Etching of Silicon in NaOH Solutions: II . Electrochemical Studies of n‐Si(111) and (100) and Mechanism of the Dissolution - Sorbonne Université Access content directly
Journal Articles Journal of The Electrochemical Society Year : 1993

Etching of Silicon in NaOH Solutions: II . Electrochemical Studies of n‐Si(111) and (100) and Mechanism of the Dissolution

Abstract

In Part I of this work, the bias dependence of the etching of silicon (111) has been investigated by means of in situscanning tunneling microscopy observations. In this second part, current‐voltage curves and etch rate results derived from the loss of material and performed with n‐type Si samples of various orientations, show that electrochemical and chemical reactions coexist in the oxidation of Si. A model is presented for the oxidation of a Si atom in a kink site in different situations of polarization. The key feature of the description is the understanding of the persistent hydrogen termination of the surface in spite of the continuous oxidative removal of Si atoms from the surface. The model includes the hydrolytic splitting of Si—H and Si—Si bonds as the important chemical contributions to the etching process. At the rest potential, the chemical component is dominant. The sequence of reactions leaves the surface in the terminated state. The anodic current is due to the injection of electrons which are produced during the substitution of Si—H by Si—OH bonds. This results above a critical electrode potential in passivation. In this respect, (111) and (100) faces present quite different behaviors. At cathodic bias where the hydrogen evolution becomes fast, due to the accumulation of electrons at the surface, not only the anodic component of the etching reaction vanishes but also the chemical component decreases in rate and is eventually stopped.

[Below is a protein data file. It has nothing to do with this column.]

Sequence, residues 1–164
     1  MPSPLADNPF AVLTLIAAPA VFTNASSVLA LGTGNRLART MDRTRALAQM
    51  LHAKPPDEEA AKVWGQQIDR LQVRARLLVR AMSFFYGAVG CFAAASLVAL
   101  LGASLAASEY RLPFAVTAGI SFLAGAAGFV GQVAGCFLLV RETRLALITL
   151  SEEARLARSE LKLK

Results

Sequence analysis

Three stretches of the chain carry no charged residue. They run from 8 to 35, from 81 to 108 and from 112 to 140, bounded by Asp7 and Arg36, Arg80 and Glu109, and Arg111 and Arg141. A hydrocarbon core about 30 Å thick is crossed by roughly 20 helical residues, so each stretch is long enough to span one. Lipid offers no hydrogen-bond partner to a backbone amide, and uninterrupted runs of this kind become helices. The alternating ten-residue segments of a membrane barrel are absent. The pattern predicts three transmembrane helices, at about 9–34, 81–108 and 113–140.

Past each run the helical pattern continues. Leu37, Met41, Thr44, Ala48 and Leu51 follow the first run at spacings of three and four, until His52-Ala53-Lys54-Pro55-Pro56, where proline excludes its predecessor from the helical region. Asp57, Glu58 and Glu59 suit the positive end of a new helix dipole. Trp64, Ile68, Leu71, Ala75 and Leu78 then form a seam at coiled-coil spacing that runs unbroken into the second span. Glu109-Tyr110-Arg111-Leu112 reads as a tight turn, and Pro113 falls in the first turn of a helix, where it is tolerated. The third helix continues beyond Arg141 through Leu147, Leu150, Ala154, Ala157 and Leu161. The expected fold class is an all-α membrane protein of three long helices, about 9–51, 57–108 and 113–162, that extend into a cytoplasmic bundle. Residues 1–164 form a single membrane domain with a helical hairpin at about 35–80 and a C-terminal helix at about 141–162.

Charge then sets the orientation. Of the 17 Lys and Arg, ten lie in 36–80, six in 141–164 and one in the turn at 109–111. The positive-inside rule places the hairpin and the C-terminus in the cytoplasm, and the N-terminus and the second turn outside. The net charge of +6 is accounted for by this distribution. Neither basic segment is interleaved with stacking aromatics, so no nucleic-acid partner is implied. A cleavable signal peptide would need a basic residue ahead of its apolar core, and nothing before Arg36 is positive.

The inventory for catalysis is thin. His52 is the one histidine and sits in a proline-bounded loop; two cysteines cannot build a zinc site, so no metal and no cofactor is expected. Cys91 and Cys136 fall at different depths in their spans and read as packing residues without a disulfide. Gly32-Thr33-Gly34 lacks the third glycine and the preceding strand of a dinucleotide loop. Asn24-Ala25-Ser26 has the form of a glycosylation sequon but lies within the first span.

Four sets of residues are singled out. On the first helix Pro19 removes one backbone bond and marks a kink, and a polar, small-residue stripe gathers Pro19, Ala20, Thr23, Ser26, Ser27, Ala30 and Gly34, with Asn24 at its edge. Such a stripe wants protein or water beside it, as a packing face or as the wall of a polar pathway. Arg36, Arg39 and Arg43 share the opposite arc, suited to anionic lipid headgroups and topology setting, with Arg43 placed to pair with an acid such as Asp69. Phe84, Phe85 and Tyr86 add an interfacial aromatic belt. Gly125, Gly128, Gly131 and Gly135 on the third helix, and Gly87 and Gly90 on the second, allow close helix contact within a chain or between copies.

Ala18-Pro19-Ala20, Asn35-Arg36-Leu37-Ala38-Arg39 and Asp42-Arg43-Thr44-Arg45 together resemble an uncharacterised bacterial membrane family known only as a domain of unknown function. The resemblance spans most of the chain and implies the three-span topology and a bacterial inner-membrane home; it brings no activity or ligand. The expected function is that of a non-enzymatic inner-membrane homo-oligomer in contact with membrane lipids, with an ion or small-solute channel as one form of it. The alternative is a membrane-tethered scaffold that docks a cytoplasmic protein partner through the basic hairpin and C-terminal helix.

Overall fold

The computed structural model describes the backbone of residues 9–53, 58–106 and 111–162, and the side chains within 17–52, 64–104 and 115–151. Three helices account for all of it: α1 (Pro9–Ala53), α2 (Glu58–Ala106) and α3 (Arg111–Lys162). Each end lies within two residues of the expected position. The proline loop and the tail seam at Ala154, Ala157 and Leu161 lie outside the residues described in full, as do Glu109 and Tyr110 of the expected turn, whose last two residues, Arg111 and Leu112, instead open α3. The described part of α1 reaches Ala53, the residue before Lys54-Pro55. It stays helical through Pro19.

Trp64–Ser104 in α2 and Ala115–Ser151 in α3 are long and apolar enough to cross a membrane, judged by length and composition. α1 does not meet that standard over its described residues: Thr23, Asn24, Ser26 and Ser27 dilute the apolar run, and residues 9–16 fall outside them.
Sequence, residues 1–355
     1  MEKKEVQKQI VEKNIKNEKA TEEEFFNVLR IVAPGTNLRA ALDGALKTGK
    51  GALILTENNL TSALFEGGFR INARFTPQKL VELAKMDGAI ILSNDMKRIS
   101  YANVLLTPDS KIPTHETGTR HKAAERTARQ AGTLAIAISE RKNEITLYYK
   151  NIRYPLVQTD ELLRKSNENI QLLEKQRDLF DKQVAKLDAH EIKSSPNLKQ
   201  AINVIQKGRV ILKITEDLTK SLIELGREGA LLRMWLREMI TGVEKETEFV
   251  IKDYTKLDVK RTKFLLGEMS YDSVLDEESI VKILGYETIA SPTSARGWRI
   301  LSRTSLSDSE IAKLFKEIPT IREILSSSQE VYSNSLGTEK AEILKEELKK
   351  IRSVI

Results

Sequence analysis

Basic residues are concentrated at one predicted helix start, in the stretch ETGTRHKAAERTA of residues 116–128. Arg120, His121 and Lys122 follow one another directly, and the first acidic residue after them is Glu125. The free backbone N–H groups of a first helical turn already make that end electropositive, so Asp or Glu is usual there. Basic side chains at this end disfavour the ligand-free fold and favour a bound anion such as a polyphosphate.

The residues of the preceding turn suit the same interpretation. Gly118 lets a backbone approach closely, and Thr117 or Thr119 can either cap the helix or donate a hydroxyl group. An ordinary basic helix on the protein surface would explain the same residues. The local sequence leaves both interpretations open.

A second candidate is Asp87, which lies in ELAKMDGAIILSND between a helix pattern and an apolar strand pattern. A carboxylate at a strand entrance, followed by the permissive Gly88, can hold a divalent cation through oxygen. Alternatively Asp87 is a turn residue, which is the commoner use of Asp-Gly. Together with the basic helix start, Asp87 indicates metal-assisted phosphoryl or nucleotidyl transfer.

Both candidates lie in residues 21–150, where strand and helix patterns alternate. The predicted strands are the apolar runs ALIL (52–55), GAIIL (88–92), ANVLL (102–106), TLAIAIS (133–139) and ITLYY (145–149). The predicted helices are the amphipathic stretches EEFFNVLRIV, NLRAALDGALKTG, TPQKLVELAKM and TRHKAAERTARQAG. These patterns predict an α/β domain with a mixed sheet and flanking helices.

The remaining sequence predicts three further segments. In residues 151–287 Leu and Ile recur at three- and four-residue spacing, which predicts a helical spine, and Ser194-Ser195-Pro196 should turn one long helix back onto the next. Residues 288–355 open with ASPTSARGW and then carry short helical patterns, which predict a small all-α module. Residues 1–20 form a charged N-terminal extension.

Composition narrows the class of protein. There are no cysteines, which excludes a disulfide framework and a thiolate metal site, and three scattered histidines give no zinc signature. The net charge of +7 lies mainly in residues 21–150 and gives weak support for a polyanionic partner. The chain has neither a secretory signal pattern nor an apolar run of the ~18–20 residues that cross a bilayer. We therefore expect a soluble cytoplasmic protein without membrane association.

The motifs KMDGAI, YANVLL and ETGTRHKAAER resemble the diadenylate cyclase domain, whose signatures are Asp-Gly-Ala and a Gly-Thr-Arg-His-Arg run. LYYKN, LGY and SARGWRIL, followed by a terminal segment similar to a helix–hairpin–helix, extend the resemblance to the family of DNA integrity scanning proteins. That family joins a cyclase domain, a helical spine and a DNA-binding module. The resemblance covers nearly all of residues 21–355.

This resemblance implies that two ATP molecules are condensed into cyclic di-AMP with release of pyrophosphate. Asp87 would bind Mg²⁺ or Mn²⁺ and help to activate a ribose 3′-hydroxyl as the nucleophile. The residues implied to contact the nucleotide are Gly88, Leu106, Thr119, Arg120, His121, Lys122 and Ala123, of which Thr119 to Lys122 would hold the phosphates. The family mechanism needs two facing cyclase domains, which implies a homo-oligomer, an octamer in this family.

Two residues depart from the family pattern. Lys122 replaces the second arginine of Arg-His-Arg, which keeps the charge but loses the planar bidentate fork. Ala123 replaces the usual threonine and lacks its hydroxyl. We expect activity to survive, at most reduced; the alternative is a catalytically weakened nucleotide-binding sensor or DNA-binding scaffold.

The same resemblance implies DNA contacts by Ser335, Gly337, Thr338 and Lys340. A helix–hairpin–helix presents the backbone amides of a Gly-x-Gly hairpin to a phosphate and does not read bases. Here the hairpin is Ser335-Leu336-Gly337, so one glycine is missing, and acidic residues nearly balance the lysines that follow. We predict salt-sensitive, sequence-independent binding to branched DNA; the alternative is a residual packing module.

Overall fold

No file

Dates and versions

hal-04524682 , version 1 (28-03-2024)

Identifiers

Cite

Philippe Allongue, V. Costa-Kieling, H. Gerischer. Etching of Silicon in NaOH Solutions: II . Electrochemical Studies of n‐Si(111) and (100) and Mechanism of the Dissolution. Journal of The Electrochemical Society, 1993, 140 (4), pp.1018-1026. ⟨10.1149/1.2056190⟩. ⟨hal-04524682⟩
6 View
0 Download

Altmetric

Share

Gmail Facebook X LinkedIn More